The overall pass rate dipped for the first time in more than 30 years from 98.1 per cent to 98 per cent

A-level results: Fall in top grades caused by more students taking traditional subjects

A drop in top grade passes at A-level this year may have been triggered by a growth in the number of candidates taking traditional academic subjects, exam boards have suggested.

Today's results are the first to be awarded which show the impact of former Education Secretary Michael Gove's exam reforms

A-level results day 2014: Top grade passes fall for third year in a row

Exam chiefs suggest that the drop in the top grade pass rate could be down to students switching to more traditional academic subjects

Students from the richest neighbourhoods are almost 10 times more likely to go to a top university than those from the poorest areas

Rich teenagers still dominate top universities

Wealthy students are ten times more likely to get into best universities

Nearly all teacher's organisations have called for league tables to be scrapped

Exasperated head teachers to publish rival school league tables

Schools will create their own GCSE league tables in opposition to official stats

Oxford University tells students on its website: 'Term-time employment is not permitted except under exceptional circumstances'

One in seven students have full-time jobs during degree course

Survey shows 59 per cent working at least part-time to fund studies

International A-level exam is a star performer

A-levels may have their detractors in the UK but the international version of the exam is proving popular abroad.

Do the maths: GCSE study could start at age 13 when new exams are introduced

GCSE shake-up means fewer subjects for pupils to take

Government attempts to make exams harder will be wrongfooted by schools starting core subject courses a year early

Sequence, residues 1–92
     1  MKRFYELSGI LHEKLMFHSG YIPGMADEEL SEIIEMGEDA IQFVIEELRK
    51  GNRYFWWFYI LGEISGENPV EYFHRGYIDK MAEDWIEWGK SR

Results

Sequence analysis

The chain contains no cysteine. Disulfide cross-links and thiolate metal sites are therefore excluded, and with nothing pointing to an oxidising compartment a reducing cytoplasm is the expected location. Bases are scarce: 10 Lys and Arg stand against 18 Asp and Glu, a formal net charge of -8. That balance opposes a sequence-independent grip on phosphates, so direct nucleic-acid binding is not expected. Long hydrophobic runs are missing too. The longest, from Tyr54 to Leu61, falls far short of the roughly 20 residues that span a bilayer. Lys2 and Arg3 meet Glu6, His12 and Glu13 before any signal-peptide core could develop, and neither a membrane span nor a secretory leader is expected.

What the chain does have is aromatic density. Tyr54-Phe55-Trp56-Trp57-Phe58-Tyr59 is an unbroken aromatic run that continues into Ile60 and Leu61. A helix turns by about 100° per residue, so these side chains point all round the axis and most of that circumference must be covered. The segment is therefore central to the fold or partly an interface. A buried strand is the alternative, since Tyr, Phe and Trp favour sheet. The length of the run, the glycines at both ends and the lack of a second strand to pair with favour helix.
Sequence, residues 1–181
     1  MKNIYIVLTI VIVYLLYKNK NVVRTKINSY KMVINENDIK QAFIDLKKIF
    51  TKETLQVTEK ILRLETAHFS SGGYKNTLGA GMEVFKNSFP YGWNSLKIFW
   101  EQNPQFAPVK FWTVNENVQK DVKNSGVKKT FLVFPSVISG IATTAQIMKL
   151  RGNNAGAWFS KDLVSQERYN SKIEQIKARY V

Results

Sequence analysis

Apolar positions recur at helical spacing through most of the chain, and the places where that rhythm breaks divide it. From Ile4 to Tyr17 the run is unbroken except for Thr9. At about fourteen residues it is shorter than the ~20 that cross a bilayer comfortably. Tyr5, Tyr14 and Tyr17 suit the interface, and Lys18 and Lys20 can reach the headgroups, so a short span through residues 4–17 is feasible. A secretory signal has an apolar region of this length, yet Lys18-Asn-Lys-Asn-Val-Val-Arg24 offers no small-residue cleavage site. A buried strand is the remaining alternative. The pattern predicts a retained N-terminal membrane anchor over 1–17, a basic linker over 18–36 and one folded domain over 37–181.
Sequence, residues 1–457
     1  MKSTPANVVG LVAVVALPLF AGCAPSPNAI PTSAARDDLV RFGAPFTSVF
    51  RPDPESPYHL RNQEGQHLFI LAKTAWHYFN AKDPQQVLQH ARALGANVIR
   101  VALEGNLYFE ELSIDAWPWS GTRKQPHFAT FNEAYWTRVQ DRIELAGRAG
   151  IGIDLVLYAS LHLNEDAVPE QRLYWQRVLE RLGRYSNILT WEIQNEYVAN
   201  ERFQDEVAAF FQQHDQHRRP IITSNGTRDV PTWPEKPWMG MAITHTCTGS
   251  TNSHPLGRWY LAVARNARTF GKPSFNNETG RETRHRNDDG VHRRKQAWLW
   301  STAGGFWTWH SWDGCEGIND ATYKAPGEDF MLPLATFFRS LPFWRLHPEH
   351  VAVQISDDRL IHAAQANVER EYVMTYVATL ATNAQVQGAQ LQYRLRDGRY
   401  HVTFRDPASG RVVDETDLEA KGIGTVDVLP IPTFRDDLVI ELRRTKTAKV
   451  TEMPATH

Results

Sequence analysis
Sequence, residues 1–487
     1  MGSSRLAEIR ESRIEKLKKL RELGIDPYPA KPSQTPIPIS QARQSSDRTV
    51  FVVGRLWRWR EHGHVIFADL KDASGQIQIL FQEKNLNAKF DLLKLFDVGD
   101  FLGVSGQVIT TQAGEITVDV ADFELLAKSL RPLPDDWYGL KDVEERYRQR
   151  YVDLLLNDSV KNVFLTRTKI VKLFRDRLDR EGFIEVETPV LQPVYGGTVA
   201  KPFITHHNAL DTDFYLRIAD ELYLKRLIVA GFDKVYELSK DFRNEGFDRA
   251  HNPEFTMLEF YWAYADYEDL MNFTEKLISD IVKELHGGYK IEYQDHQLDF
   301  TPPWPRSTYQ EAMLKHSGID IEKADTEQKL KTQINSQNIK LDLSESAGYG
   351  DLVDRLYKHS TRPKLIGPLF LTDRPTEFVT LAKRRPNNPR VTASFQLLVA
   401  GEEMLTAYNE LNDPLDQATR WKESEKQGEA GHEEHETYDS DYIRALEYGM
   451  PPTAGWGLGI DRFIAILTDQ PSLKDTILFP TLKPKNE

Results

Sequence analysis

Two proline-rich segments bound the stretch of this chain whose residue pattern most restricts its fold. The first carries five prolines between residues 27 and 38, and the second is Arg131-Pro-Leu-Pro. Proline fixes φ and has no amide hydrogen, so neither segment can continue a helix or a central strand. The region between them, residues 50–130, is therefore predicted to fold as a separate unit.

A ban on taking children out of school for holidays during term-time was introduced by the Government last year

Term-time holiday fines up 70% after ban

The number of fines issued to parents for their children’s absence from school has risen by around 70 per cent since term-time holidays were banned last year, a BBC survey has found.

School and college staff responsible for running GCSE and A-level exams could quit their jobs in large numbers

Exams office staff affected by burn-out over reforms

School and college staff responsible for running GCSE and A-level exams could quit their jobs in large numbers because of burn-out linked to the constant upheaval in the system, a new report warns.

The University of Durham pays staff £6.50 an hour, rising by 84p after a probationary period

Some of Britain's most famous universities pay their fundraising teams less than the Living Wage

Some of Britain’s biggest universities are paying less than the Living Wage to staff on their alumni fundraising teams responsible for soliciting donations from graduates.

The study looked at the 88 primary and 63 secondary schools established in the first three years of the policy

Government's flagship free schools accused of allowing 'stealth selection' as they fail to admit poorest kids

Free schools have been accused of “cherry-picking” bright and wealthy pupils after a major study found that even those established in deprived areas are failing to admit the neediest children.

Tony Little is the headmaster of Eton

Exam system is 'outdated and archaic', says Eton headmaster Tony Little

An unlikely opponent of exam league tables emerged today, with the head of Britain’s top public school mounting an attack on the Government’s approach to measuring the success of education.

A student walks through St John's College on March 13, 2012 in Cambridge, England.

Oxbridge could charge £16,000 in tuition fees under new Government plans

Oxford and Cambridge argue that current tuition fees do not cover costs, according to MP David Willets

A significant drop in the number of primary school children taking part in dance, music and drama has been highlighted in a report by Labour

Number of primary school children taking part in arts activities has dropped by a third since the last election, Labour claims

A significant drop in the number of primary school children taking part in dance, music and drama is highlighted in a report by Labour today.

Number of job vacancies requiring a first-class degree has fallen by 80 per cent in two years, study finds

Fewer employers are insisting on applicants for jobs having a first-class degree, according to research published today.

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